After SBM suffered the unexpected loss of our co-founder Dr. Harriet Hall last week, we were angered and distressed to see antivaxxers saying that she had "died suddenly" because of COVID-19 vaccines. This dangerous narrative is even more painful when it targets a friend. Dr. Gorski tries to get past his initial anger and explain this dangerous conspiracy theory.
There has long been a huge appeal in medicine that derives from being an "apostate". Since COVID-19 hit, apostasy has become like a drug among too many doctors, and social media has amplified the popularity of "medical apostates" beyond anything I've seen previously.
The “12% efficacy” myth from the “Pfizer data dump”: The latest slasher stat about COVID-19 vaccines
Last week, a claim that Pfizer's own documents demonstrate that the efficacy of its COVID-19 vaccine was only 12% (not the 95% reported) went viral. This is a slasher stat, so-named because it is not new and, like the killers in slasher movie series, even when it appears to be dead it always appears in another installment of the misinformation franchise to...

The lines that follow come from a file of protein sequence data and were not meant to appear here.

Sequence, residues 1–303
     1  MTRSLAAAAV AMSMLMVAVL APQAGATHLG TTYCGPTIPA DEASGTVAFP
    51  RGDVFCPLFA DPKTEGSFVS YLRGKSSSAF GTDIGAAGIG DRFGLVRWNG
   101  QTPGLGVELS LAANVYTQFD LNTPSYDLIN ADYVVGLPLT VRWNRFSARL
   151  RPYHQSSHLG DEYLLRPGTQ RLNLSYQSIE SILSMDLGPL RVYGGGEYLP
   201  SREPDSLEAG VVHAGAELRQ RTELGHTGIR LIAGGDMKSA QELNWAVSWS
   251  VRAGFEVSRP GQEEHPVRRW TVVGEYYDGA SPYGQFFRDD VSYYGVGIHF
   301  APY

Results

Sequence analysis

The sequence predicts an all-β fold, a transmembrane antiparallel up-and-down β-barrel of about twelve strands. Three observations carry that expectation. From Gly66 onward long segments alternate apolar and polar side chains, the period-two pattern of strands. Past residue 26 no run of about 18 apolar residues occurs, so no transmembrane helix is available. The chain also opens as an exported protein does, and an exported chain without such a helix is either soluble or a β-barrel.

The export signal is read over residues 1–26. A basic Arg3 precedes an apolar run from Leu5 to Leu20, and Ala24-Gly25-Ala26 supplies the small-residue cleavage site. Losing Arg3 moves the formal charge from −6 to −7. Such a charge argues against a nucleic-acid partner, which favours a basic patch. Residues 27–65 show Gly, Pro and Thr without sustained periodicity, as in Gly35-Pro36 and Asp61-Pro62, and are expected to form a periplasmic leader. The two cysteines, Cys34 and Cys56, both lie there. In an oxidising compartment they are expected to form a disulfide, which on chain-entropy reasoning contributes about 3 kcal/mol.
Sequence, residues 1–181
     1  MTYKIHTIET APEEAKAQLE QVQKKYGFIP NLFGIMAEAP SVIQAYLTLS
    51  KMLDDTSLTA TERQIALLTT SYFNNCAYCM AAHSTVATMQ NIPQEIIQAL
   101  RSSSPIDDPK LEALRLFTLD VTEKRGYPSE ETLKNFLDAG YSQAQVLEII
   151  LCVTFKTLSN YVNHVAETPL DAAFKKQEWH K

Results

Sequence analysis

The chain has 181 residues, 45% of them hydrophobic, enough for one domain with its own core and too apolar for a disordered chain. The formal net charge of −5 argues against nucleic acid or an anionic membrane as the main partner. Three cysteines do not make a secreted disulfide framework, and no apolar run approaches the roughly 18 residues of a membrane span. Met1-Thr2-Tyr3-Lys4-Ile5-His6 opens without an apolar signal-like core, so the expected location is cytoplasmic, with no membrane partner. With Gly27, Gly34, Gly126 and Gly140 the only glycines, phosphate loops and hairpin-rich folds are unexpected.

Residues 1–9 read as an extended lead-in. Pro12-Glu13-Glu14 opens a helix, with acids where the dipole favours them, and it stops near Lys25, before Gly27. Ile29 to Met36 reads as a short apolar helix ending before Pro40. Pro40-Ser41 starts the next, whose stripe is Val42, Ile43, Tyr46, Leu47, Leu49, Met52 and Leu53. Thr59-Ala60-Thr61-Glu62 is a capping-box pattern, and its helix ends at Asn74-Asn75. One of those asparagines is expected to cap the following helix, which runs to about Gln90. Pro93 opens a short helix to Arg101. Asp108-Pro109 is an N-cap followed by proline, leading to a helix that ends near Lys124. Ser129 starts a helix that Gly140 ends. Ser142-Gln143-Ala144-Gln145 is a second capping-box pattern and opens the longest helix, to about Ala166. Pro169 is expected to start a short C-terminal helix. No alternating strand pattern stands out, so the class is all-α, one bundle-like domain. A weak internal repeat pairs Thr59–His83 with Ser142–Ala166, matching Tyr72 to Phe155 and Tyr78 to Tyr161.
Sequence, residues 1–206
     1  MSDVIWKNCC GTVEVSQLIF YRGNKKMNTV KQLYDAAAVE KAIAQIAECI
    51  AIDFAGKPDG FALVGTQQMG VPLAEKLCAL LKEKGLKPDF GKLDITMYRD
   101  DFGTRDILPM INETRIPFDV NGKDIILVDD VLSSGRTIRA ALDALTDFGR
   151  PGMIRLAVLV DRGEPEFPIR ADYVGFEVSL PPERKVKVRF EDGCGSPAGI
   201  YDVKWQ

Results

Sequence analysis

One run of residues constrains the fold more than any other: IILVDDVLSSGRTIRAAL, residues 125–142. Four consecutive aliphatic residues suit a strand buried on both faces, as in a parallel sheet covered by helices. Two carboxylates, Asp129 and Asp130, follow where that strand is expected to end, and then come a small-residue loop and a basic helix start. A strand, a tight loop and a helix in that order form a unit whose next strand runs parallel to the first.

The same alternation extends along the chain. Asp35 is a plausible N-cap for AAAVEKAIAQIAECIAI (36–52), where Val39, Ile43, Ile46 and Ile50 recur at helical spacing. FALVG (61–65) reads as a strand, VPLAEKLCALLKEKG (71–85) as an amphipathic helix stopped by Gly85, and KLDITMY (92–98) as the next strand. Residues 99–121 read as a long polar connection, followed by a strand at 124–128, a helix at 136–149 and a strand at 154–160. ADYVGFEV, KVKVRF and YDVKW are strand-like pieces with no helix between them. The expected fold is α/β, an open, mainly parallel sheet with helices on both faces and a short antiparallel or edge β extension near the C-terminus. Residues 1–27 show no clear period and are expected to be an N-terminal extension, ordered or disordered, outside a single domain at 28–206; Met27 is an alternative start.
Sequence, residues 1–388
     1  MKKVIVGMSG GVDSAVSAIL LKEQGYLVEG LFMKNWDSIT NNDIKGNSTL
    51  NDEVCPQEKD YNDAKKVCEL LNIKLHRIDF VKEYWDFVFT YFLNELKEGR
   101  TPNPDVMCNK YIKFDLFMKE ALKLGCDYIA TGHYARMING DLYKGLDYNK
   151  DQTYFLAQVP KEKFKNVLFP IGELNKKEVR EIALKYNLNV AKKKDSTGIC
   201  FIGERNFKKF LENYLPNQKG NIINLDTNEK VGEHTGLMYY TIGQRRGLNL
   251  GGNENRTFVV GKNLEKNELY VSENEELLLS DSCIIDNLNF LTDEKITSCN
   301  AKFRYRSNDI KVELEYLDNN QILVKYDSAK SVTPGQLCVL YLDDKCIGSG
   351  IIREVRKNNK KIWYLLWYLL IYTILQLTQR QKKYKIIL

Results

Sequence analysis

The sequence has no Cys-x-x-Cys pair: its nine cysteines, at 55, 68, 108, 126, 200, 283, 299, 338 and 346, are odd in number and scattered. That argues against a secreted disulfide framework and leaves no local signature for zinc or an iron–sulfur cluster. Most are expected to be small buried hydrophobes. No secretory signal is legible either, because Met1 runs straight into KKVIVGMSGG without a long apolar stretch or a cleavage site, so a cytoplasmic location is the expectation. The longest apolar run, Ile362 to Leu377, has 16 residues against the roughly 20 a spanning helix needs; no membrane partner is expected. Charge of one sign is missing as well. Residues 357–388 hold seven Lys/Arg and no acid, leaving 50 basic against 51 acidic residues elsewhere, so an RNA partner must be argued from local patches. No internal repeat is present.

This isn't a title that I ever thought I'd use or a post that I ever thought I'd write, but John Ioannidis has really done it. He's incompetently used the Kardashian index to attack John Snow Memorandum signatories and argue that the Great Barrington Declaration signatories, who argue for a "natural herd immunity" approach to the COVID-19 pandemic, are the underdogs who...
Quacks, science deniers, and conspiracy theorists love to challenge doctors, scientists, and science communicators to "live public debates" over the science they deny. I just say no, and you should say no too if you are in a position to receive such a challenge.
With social media companies like Twitter and Facebook/Meta deplatforming those spreading misinformation, COVID-19 quacks, antivaxxers, and conspiracy theorists are flocking to Substack, where they can monetize their misinformation while Substack profits.
Joe Mercola: An antivaccine quack tycoon pivots effortlessly to profit from spreading COVID-19 misinformation
Joe Mercola is a physician whose nearly quarter-century of promoting quackery and antivaccine misinformation has garnered him a net worth north of $100 million. It is therefore not surprising that in the age of the pandemic, he has pivoted to fatten his bottom line promoting misinformation and conspiracy theories about COVID-19 and the COVID vaccines.